The Data Retention Directive, more formally "Directive 2006/24/EC of the European Parliament and of the Council of 15 March 2006 on the retention of data generated or processed in connection with the provision of publicly available electronic communications services or of public communications networks and amending Directive 2002/58/EC" is a Directive issued by the European Union and relates to Telecommunications data retention. According to the directive, member states will have to store citizens' telecommunications data for six to 24 months stipulating a maximum time period. Under the directive the police and security agencies will be able to request access to details such as IP address and time of use of every email, phone call and text message sent or received. A permission to access the information will be granted only by a court.
Other articles related to "data retention directive, data retention, directive":
... Bignami, Francesca (2007), "Privacy and Law Enforcement in the European Union The Data Retention Directive", Chicago Journal of International Law 8 (1) 233–256 ... Breyer, Patrick (2005), "Telecommunications Data Retention and Human Rights The Compatibility of Blanket Traffic Data Retention with the ECHR", European Law Journal 11 (3) 365–375, doi10.1111/j.1468-0386.2005.00264.x ... Wilfried Ilger, Michael (2008), Data Retention - The EU Directive 2006/24/EC from a Technological Perspective, Wien Medien und Recht, ISBN 3-900741-53-0 ...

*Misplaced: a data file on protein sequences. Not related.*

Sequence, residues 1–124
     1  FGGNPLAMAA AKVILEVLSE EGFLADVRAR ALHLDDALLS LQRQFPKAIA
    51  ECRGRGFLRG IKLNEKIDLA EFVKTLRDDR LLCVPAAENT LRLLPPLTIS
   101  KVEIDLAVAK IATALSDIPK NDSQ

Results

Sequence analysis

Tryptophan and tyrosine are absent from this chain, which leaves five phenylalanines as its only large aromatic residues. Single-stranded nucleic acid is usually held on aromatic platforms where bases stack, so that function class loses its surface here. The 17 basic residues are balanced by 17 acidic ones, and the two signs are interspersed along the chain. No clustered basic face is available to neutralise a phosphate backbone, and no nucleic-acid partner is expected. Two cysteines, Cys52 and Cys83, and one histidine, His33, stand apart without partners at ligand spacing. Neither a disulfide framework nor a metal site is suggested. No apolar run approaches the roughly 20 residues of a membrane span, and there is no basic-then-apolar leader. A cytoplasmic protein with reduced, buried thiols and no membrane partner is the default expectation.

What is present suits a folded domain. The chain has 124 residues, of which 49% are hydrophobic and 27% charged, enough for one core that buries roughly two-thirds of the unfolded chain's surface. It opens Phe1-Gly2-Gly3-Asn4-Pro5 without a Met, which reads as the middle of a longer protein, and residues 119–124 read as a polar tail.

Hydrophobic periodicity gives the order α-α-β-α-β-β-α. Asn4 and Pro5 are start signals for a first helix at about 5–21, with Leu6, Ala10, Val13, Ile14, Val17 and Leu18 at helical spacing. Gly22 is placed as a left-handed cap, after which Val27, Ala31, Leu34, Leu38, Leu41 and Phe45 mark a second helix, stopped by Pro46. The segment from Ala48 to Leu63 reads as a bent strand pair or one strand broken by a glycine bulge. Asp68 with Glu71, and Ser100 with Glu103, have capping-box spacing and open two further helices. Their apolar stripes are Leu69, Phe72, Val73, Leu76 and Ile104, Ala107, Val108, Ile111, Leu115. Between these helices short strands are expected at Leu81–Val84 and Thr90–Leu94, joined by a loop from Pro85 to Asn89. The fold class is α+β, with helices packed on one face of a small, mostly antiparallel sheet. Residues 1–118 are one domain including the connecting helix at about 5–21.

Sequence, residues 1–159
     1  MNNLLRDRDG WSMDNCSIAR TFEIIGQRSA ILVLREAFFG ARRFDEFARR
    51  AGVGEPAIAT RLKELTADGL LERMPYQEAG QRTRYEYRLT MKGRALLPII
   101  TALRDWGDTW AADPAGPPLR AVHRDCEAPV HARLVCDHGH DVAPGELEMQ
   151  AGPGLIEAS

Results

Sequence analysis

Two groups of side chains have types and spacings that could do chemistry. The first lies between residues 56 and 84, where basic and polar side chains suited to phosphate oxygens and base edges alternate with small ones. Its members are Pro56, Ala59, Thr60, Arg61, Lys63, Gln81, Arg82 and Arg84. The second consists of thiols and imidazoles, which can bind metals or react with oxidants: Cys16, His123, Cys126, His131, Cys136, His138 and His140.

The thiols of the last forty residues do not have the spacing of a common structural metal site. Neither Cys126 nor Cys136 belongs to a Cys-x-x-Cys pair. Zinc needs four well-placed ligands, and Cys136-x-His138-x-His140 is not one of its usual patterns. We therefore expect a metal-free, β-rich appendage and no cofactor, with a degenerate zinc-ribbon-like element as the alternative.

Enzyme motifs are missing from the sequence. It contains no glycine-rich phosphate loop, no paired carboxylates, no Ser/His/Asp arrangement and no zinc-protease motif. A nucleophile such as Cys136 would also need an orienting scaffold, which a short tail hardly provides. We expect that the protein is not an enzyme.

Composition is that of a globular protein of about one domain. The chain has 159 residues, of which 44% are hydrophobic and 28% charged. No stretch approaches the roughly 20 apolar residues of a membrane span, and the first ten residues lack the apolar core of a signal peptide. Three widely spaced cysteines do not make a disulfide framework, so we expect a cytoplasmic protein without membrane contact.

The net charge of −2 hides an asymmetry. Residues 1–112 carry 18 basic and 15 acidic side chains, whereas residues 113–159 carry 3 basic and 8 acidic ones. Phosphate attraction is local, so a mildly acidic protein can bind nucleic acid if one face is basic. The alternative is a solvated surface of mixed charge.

Famous quotes containing the words data and/or retention:
“Mental health data from the 1950s on middle-aged women showed them to be a particularly distressed group, vulnerable to depression and feelings of uselessness. This isnt surprising. If society tells you that your main role is to be attractive to men and you are getting crows feet, and to be a mother to children and yours are leaving home, no wonder you are distressed.”
—Grace Baruch (20th century)
“Unless a group of workers know their work is under surveillance, that they are being rated as fairly as human beings, with the fallibility that goes with human judgment, can rate them, and that at least an attempt is made to measure their worth to an organization in relative terms, they are likely to sink back on length of service as the sole reason for retention and promotion.”
—Mary Barnett Gilson (1877?)